A Question of Definitions…

Before Christmas, I, as is my wont, idly Googled search terms as “Best Board Games 2014”  and “Best Board Games for Christmas”, and the like, in the Google “News” section.   I’ve done this for the last five or so years, and I do it because, as a person who’s keen to see the profile of board gaming increase, I’ve found it a useful - if crude - barometer of the mainstream media’s perceptions of the hobby (which also means, incidentally, that I ignore search hits from specialist games sites, or so-called “geek culture” sites).  

A couple of things emerged.  Firstly, the bad thing:  As in previous years, the majority of the lists still read for the most part like a cut-and-paste from the Hasbro catalogue, with Monopoly, Cluedo, Trivial Pursuit, Scrabble and at least one party game like Scattergories or Cranium, as the “adult” games.  Even more depressingly, several lists included multiple themed “versions” of Monopoly, as if they weren’t exactly the same game:  “Hey guys, that was a great game of The Lord of the Rings Monopoly!  Now let’s play a completely different game!  Wait for it...it’s…One Direction Monopoly!  Woo!  Er…can I be Harry?”.   The laziness and venality displayed by this kind of so-called “journalism” enrages me, but that’s not the subject of this post, so I’ll just move on before I need a blood-pressure pill.

So let’s look at the good thing: on a few of the lists there were several games of the kind we’d play at MAB.  Ticket to Ride Europe featured, as did Settlers of Catan, but also things like Pandemic and Forbidden Island – “gateway” games, that can introduce people to the whole world of elegant and intellectually-stimulating board games that exists outside of the hegemony of the Hasbro imperium.  This is very encouraging to me.

Probably the best of the mainstream lists I found, from a gamer point of view, was one in The Telegraph here.   It’s got Ticket to Ride, and Pandemic, but also things like King of Tokyo,  Small World, Biblios and Camel Up! - pretty good stuff.    But it’s the name of the list that got me thinking:  it’s called “15 party games you probably haven’t tried but definitely should”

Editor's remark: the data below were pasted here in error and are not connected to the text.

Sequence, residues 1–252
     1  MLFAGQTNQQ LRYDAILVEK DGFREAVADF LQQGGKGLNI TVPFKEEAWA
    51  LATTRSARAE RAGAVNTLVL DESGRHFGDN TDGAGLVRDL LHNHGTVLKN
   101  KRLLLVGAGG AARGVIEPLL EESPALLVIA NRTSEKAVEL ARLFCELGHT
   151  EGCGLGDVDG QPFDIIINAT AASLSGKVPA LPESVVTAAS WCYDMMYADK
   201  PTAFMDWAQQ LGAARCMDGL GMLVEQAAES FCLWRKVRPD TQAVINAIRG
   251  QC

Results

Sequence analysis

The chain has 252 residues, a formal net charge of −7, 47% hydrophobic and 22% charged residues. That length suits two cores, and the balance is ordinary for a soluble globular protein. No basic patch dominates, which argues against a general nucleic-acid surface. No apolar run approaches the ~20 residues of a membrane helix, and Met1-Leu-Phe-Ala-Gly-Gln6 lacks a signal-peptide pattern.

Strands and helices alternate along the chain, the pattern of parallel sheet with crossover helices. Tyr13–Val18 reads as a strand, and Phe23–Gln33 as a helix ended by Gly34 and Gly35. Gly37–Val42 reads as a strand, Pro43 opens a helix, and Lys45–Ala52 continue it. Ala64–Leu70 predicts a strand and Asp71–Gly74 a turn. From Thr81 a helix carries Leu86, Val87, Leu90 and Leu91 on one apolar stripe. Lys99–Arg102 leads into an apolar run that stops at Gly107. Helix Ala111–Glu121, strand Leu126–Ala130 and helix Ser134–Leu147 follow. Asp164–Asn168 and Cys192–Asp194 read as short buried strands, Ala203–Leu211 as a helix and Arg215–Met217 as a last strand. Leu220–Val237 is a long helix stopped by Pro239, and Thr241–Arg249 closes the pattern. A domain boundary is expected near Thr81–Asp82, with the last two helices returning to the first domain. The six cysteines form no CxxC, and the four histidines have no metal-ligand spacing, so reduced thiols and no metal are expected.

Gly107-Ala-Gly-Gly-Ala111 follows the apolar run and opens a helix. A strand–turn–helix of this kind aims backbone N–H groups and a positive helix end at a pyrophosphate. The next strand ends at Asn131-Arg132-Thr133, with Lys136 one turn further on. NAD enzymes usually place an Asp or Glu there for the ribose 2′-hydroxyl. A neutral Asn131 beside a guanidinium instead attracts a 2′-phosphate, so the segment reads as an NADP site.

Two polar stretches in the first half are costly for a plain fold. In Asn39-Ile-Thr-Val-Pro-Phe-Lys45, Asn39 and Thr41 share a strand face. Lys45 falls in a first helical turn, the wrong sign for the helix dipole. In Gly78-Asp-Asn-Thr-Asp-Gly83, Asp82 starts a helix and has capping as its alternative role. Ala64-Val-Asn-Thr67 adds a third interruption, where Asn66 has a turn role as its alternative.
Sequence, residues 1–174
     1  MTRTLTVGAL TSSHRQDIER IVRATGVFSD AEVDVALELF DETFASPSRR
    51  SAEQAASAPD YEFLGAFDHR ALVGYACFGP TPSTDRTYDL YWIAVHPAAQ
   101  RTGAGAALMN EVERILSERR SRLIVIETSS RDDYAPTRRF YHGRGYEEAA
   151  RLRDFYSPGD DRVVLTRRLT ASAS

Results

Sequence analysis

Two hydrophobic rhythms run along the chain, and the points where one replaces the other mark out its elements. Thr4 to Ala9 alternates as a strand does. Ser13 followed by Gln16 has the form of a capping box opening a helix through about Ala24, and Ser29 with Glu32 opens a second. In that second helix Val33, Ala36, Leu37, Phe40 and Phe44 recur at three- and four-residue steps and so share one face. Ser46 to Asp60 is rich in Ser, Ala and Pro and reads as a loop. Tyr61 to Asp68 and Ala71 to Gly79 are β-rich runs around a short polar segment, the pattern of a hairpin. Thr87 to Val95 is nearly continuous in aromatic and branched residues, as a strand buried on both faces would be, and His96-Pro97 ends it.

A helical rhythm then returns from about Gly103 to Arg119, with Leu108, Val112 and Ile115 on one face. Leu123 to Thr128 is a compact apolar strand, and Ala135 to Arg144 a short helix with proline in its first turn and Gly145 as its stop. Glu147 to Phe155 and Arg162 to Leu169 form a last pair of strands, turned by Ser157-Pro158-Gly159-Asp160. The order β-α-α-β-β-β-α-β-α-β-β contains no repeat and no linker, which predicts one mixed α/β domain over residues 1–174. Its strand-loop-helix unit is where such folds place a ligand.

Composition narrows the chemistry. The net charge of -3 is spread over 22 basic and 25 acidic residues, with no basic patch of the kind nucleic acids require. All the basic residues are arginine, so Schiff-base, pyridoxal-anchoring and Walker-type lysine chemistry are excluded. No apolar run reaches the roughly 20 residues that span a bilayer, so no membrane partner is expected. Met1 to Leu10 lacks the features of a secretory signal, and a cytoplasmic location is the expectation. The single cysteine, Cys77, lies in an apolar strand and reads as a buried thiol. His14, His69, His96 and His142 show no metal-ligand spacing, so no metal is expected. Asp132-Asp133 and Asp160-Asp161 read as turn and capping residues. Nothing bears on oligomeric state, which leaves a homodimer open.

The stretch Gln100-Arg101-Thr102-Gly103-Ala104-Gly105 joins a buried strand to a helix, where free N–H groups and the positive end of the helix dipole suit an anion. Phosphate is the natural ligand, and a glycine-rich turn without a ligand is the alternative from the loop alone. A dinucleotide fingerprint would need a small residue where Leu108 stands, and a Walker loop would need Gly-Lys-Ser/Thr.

15…party games.  Party.

Now, to be fair it does have a few party games in there, and they’re not the usual Hasbro fare (Moustache Smash, and Say Anything, for example), and I know that the headlines at the top of an article usually get written by sub-editors, not the writers.   Of course nothing says “Party on, dudes!” like treating deadly, infectious diseases in a game of Pandemic, right?   But seriously, most of the games on the list are not, I would argue, the kind of thing many people would pick to play with a bunch of mildly sozzled adults at a get-together.   If someone used this list to choose a game to play after their Christmas lunch with the family, they might very well come a cropper: “No, Gran! No more sherry for you until you understand that your Fortified Elves can’t continue to build fortresses after they’ve gone into Decline!”.   These really are not, in the main, “party” games.  

So what are they?